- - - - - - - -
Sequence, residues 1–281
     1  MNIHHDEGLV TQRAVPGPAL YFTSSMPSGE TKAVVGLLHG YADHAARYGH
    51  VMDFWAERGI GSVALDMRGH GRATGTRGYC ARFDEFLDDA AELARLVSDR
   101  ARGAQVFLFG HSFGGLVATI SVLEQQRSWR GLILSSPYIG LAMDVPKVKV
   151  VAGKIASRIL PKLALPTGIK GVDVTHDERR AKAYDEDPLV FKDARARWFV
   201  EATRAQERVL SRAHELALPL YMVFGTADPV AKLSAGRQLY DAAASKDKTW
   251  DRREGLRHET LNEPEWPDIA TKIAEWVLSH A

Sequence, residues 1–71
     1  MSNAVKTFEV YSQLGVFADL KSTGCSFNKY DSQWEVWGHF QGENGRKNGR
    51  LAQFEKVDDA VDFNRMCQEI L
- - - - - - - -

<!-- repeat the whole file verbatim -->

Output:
Sequence, residues 1–281
     1  MNIHHDEGLV TQRAVPGPAL YFTSSMPSGE TKAVVGLLHG YADHAARYGH
    51  VMDFWAERGI GSVALDMRGH GRATGTRGYC ARFDEFLDDA AELARLVSDR
   101  ARGAQVFLFG HSFGGLVATI SVLEQQRSWR GLILSSPYIG LAMDVPKVKV
   151  VAGKIASRIL PKLALPTGIK GVDVTHDERR AKAYDEDPLV FKDARARWFV
   201  EATRAQERVL SRAHELALPL YMVFGTADPV AKLSAGRQLY DAAASKDKTW
   251  DRREGLRHET LNEPEWPDIA TKIAEWVLSH A

Sequence, residues 1–71
     1  MSNAVKTFEV YSQLGVFADL KSTGCSFNKY DSQWEVWGHF QGENGRKNGR
    51  LAQFEKVDDA VDFNRMCQEI L